Bio Christopher Lewis (@ChrisJLewis) is President and CEO at Public Knowledge. Prior to being elevated to President and CEO, Chris served for as PK’s Vice President from 2012 to 2019 where he led the organization’s day-to-day advocacy and political strategy on Capitol Hill and at government agencies. During that time he also served as a local elected official, serving two terms on the Alexandria City Public School Board. Chris serves on the Board of Directors for the Institute for Local Self Reliance and represents Public Knowledge on the Board of the Broadband Internet Technical Advisory Group (BITAG). Before joining Public Knowledge, Chris worked in the Federal Communications Commission Office of Legislative Affairs, including as its Deputy Director. He is a former U.S. Senate staffer for the late Sen. Edward M. Kennedy and has over 18 years of political organizing and advocacy experience, including serving as Virginia State Director at GenerationEngage, and working as the North Carolina Field Director for Barack Obama’s 2008 Presidential Campaign and other roles throughout the campaign. Chris graduated from Harvard University with a Bachelors degree in Government and lives in Alexandria, VA where he continues to volunteer and advocate on local civic issues. Resources The Washington Center for Technology Policy Inclusion, 2020. President Trump’s Social Media Executive Order Violates The Voting Rights Act Of 1965. [online] Available at: [Accessed 31 May 2020]. Public Knowledge, 2020. Public Knowledge Rejects White House Executive Order Targeting Free Speech On Social Media Platforms. [online] Available at: [Accessed 31 May 2020]. Feld, H., 2020. Could the FCC Regulate Social Media Under Section 230? No. [Blog] Public Knowledge Blog, Available at: [Accessed 31 May 2020]. Public Knowledge, 2020. Public Knowledge Responds To White House Proposal To Require FTC, FCC To Monitor Speech On Social Media. [online] Available at: [Accessed 31 May 2020]. Related Episodes 'They Smile in Your Face: How the Internet is Unmasking Hidden Racism' with Robert Eschmann (Ep. 222)(Opens in a new browser tab) 'How Media Policies Have Helped the Far Right' with Anne Nelson (Ep. 217)(Opens in a new browser tab) Facebook and Civil Rights: What are the Options? with Ebonie Riley (Ep. 212)(Opens in a new browser tab) Should Americans Trust News on Social Media? with Elisa Shearer (Ep. 207)(Opens in a new browser tab) Examining "Social Media Bias" with Jen Schradie (Ep. 199)(Opens in a new browser tab) Renée DiResta: How to Fight the Imminent Disinformation Blitzkrieg (Ep. 175)(Opens in a new browser tab) News Roundup       Trump tweets mark turning point in Section 230 discourse A tweet from President Trump last week that criticized California Governor Gavin Newsom’s Executive Order allowing Californians’ the right to vote by mail, in addition to preserving Californians’ right to vote in person if they’d prefer, has triggered a turning point in the debate around Section 230 of the Communications Decency Act, even though the Centers for Disease Control recommended that election officials allow mail-in voting, specifically because of the disproportionate impact the COVID-19 disease is having on communities of color. These communities have historically been targets of voter suppression efforts. Section 230 is the 1996 law widely seen as the heart of the internet as we know it, because it shields interactive content providers, like Twitter, Google, and Facebook, from liability stemming from content posted by users. In short, without Section 230, it would be all but impossible for Twitter, Facebook, and Google to exist: without Section 230, it would simply be too risky for social media platforms to expose themselves to liability for content that you and I, or even Trump, post. President Trump posted the now-infamous tweet about Governor Newsom’s Executive Order on Tuesday. In it, the president alleged that sending mail-in ballots to voters would cause what right-wing politicians theorize is “voter fraud”, and that sending ballots to what the president termed “millions of people” would lead to the ballots being stolen. The president didn’t indicate how those attempting to steal ballots would even know whether ballots were inside of a person’s mailbox. Would they go to every single mailbox every single day to see if a ballot’s inside? In any case, the president has expressed a general fear of snail mail in recent months. At the start of the pandemic, he and Treasury Secretary Steve Mnuchin blocked funding from the $2 trillion stimulus bill that would have provided the U.S. Postal Service with billions of dollars in grants to balance its budget. So, something’s up with the mail that this president seems extremely frightened of. All of this culminated in Twitter, for the first time, posting a disclaimer on the president’s tweet – a blue hyperlink with an exclamation mark next to it that says, “Get the facts about mail-in ballots”. When users click the link, they’re redirected to another Twitter page listing articles discussing the factual inconsistencies in the president’s claim that mail-in ballots would lead to election fraud and voting by immigrants. Unsurprisingly, Trump was livid when this happened. Two days later, he released an Executive Order providing for the Department of Commerce to file a petition at the Federal Communications Commission asking it to review still-unsubstantiated claims of social media companies’ alleged anti-conservative bias. The order also calls on the Federal Trade Commission to allow individuals to file complaints. When protests began around the nation in response to the killing of George Floyd by a Minneapolis police officer who has since been fired and charged with manslaughter, Trump tweeted a comment that echoed Miami’s then-Mayor Walter Headley’s 1967 remark “when the looting starts, the shooting starts”, which was met with scorn by civil rights leaders. In the tweet, the president called protesters “THUGS”, saying he’d spoken with Minnesota Governor Tim Walz “and told him that the Military is with him all the way. Any difficulty and we will assume control but, when the looting starts, the shooting starts.” (Here would be a good place to recall last summer’s Center for Investigative Journalism report that several Confederate, anti-Islam, misogynistic or anti-government militia Facebook groups counted hundreds of police among their members, a report that corroborated an earlier finding by the FBI released over a decade ago that warned of the infiltration of law enforcement by white supremacists.) Twitter followed up with the president’s “THUGS” tweet by placing a notice over it saying the tweet violated Twitter’s policy against users glorifying violence, but still allowing users to clickthrough and see the president’s tweet. The company also went on to flag tweets from Ice Cube, Chinese Foreign Ministry spokesman Zhao Lijian, and others it deemed to have violated Twitter’s community standards. But as far as Trump’s Executive Order to rein in social media companies is concerned, after speaking with experts like Tech Freedom’s Berin Szoka, Georgetown’s Gigi Sohn, and Public Knowledge’s Harold Feld – all of whom have been guests on the WashingTECH Tech Policy Podcast – the Hill reports that there’s a general consensus in the telecommunications public policy community that the president’s executive order is a non-starter. To make it happen, the FCC would need to undo years of precedent and essentially contradict every ruling it’s made, at least during Ajit Pai’s tenure there as Chairman, including its repeal of the net neutrality order. … On another front, Senator Ted Cruz, alleging that Twitter is violating sanctions against Iran, is calling for a criminal investigation into Twitter’s alleged preservation of accounts of enemies of the United States, like Iranian Supreme Leaders Ayatollah Ali Khamenei and its Foreign Minister Mohammad Javad Zarif. Also, Facebook CEO Mark Zuckerberg confessed to Fox News last week that Facebook shouldn’t be “arbiters of truth”. In fact, The Wall Street Journal reported last week that Facebook Executives ignored a 2018 internal report that found the company’s algorithms “exploit the human brain’s attraction to divisiveness”. It also warned that, if left unchecked, Facebook could spread even more discord, and that bringing Facebook’s algorithms under control would disproportionately affect users espousing conservative viewpoints. Facebook never publicly released the report or even acted internally to “check” conservative misinformation. Coincidentally, the presentation came at the same time the Trump administration was just beginning its campaign to characterize social media companies as being biased in favor of liberals. Last week, House Speaker Pelosi called Zuckerberg’s non-interventionist stance a “disgrace”. Running with the ball, Republicans in Congress are reportedly working on legislation to control speech on social media platforms by undoing the liability protections conferred by Section 230. Conservatives are pushing for the legislation even though a three-judge panel of the D.C. Circuit last week dismissed a lawsuit brought by Freedom Watch, the conservative legal group, and far-right activist Laura Loomer, against Facebook, Google & Twitter, alleging the companies were conspiring to suppress conservative viewpoints. Trump creates more expansive warrantless watchlist President Trump has moved to further circumvent Constitutionally-guaranteed due process protections by expanding a September 11th-era terrorism watchlist to include individuals who aren’t even suspected of terrorism. Newsweek reports the watchlist could grow to as many as a million names. But the Trump administration hasn’t acknowledged it’s expanded the watchlist, even though it’s required to do so under federal law. Now individuals can be included on the watchlist even if they just have family in El Salvador. FBI ties Pensacola shooter to al Qaeda with iPhone data The FBI says the shooter at a Pensacola naval base last December, a shooting that took the lives of 3 sailors and injured 8 others, had ties to Al Qaeda. Twenty-one-year-old 2nd Lieutenant Mohammed Alshamrani initially attempted to destroy his iPhone following the shooting, but wasn’t successful. Initially, investigators approached Apple for help in gaining access to the phone’s data. When Apple declined, the FBI took matters into its own hands and figured out how to crack open the phone on its own. Indigent customers not getting broadband despite large carriers’ promises Even though internet service providers like Comcast and Charter promised free and low-cost internet to indigent residents, a lot of those residents are getting bills in the mail. The New York Times reports that customers who are supposed to have access to these programs are getting bills instead, sometimes for as much as $120. Customers have also reported not being able to get through to a customer service rep at all, much less in their native languages. In an unusual alliance, Republican Federal Communications Commissioner Michael O’Rielly joined Democrats in calling to expand broadband service around the country. O’Rielly told The Hill’s Editor-in-Chief Steve Clemons that equipment and affordability are the main barriers to broadband. Anonymous re-appears Hacktivist group Anonymous, which first made an appearance during the Occupy Wall Street movement of 2011, has reappeared amidst protests in cities around the nation in response to the killing of George Floyd and other grievances. A Facebook group owner who claims to be affiliated with Anonymous wrote that it would soon expose the Minneapolis police departments “many crimes in the world”. Forbes reports that Anonymous apparently even took down the Minneapolis Police Department’s website. FCC approves $16 million in telehealth funding The FCC also approved an additional $16 million for 43 applicants seeking funding to provide telehealth services during the pandemic. The money goes to healthcare providers for things like network upgrades and laptop, and is  part of a total pool of $200 million Congress allocated for COVID-19-related telehealth programs. To date, the FCC has allocated $50 million, or just a quarter of that total amount.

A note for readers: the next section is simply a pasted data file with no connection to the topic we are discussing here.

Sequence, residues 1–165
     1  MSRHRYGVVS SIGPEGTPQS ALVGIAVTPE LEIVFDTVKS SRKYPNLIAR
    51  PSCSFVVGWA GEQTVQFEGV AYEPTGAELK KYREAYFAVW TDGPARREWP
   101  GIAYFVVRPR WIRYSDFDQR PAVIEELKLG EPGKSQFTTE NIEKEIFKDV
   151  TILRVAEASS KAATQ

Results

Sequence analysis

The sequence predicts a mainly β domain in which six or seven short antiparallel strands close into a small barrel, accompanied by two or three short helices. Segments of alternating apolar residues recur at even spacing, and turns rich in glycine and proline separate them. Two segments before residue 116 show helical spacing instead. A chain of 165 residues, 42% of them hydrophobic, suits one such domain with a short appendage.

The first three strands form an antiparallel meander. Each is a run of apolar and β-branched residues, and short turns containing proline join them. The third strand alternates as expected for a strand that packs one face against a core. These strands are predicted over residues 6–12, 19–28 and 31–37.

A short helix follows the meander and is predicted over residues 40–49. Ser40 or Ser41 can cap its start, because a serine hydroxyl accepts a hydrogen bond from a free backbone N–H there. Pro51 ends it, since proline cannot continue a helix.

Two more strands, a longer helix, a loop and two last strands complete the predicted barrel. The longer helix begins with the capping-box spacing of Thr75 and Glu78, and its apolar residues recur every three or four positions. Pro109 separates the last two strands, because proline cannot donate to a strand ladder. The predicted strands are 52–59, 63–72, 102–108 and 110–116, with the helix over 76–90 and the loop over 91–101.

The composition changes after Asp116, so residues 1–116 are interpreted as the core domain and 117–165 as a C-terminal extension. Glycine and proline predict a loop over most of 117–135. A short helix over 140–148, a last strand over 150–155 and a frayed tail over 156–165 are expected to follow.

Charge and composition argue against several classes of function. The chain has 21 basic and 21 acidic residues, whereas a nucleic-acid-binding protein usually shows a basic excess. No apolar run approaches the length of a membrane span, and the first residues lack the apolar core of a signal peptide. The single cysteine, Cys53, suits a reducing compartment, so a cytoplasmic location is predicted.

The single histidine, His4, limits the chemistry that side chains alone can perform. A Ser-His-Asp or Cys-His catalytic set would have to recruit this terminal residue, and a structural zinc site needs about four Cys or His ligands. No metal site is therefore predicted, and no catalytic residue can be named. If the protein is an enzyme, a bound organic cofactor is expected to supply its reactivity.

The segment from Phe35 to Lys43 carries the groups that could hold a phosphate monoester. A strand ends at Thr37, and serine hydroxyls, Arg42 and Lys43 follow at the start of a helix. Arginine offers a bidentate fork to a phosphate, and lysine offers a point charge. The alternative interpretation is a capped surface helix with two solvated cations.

6/1/202024 minutes, 42 seconds